Friends can also challenge us when we fail to live in God's will, as we all sometimes do. On our own, we can be blind to our faults and shortcomings. As Saint John Climacus observed, "God has arranged that no one can see his own faults as clearly as his neighbor does." That's why God invites friends to correct each other―so they can build each other up in love. 
     God can speak to us through other people; we can hear the voice of Christ through the voices of our friends. And should our friends challenge us, it would be wise for us to listen, because they might be acting as the very mouthpiece of the Holy Spirit. And when that happens, we should be grateful instead of defensive and humble instead of proud. Pride says, "There's nothing wrong with me!" But humility says, "I'm still a work in progress." 
     Speaking though our friends, Jesus can say: "Be open to challenge; be receptive to constructive criticism; don't resist charitable correction!" Acceptance of criticism says to God that we're open to grow. And when we're open to grow, God can fill us with his grace. 
     Different friends can be a blessing to us in different ways. Catholic author Robert Wicks proposes that we need four distinct types of people in our lives: First, we need "prophets" who ask the question: "What guides and shapes the decisions you make?" Second, we require "cheerleaders" who support us when the going gets rough. Third, "harassers" are necessary to tease us so we don't take ourselves too seriously. Fourth, we need "spiritual guides" who encourage us to find meaning in our lives.v In short, we need people who love us, support us, guide us, challenge us, and make us laugh. We need people with whom we can share our sorrows and our joys, reveal our dreams and heartaches, and express our honest feelings. We need other people in order to be fully human.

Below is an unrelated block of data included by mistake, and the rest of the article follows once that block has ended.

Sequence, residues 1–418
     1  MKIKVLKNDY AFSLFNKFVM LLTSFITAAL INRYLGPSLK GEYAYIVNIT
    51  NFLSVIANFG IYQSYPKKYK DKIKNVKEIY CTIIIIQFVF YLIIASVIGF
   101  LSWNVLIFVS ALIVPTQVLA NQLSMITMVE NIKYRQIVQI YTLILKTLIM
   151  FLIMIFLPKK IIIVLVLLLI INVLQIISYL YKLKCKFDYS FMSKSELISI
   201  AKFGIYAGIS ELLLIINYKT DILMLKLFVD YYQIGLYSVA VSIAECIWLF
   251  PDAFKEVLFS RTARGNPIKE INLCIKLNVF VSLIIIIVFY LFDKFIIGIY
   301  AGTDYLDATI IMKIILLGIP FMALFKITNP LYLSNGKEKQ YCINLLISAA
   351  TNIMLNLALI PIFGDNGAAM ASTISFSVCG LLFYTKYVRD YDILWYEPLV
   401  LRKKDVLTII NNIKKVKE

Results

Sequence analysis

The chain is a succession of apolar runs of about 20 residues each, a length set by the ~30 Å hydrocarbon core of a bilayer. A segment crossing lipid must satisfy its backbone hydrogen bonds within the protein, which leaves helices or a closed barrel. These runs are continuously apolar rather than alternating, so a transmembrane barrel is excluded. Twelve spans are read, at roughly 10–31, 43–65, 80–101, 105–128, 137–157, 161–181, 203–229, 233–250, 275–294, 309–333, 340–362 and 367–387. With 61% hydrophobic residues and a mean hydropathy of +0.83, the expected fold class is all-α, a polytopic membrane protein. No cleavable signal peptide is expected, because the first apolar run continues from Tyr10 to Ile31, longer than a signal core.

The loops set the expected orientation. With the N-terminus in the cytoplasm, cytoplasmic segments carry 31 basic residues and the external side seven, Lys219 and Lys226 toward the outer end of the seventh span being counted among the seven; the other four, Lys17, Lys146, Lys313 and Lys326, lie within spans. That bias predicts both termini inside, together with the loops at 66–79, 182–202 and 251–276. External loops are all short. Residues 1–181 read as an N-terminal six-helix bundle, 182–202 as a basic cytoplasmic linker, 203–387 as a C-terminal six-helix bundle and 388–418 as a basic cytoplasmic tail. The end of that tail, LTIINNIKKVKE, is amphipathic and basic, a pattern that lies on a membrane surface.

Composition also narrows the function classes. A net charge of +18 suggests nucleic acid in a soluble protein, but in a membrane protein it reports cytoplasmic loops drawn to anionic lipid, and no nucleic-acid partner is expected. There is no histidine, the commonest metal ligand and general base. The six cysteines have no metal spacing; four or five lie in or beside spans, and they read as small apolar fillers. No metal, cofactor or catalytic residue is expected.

And to be fully human is to reflect the God in whose image we are made―a God of relationships, a God of love. Indeed, "God is friendship," observed Saint Aelred of Rievaulx. And true human friendships can help us to live in friendship with the Lord. That's why Saint Thomas Aquinas could conclude: "There is nothing on this earth more to be prized than true friendship." 

from When Faith Feels Fragile―Help for the Wary, Weak, and Wandering by R. Scott Hurd pp.119-122

Friday, July 21, 2017

Daily Thought For July 21, 2017

Dive Into The Sea of Prayer

In the face of so many wounds that hurt us and could lead to a hardness of heart, we are called to dive into the sea of prayer, which is the sea of the boundless love of God, in order to experience his tenderness.

Pope Francis

Thursday, July 20, 2017

Daily Thought For July 20, 2017

Bloom Wherever You Are Planted

You must realise now, more clearly than ever, that God is calling you to serve Him in and from the ordinary, secular and civil activities of human life. He waits for us everyday, in the laboratory, in the operating theatre, in the army barracks, in the university chair, in the factory, in the workshop, in the fields, in the home and in all the immense panorama of work.

St. Josemaria Escriva

Wednesday, July 19, 2017

Daily Thought For July 19, 2017

Great Prayer from A Great Man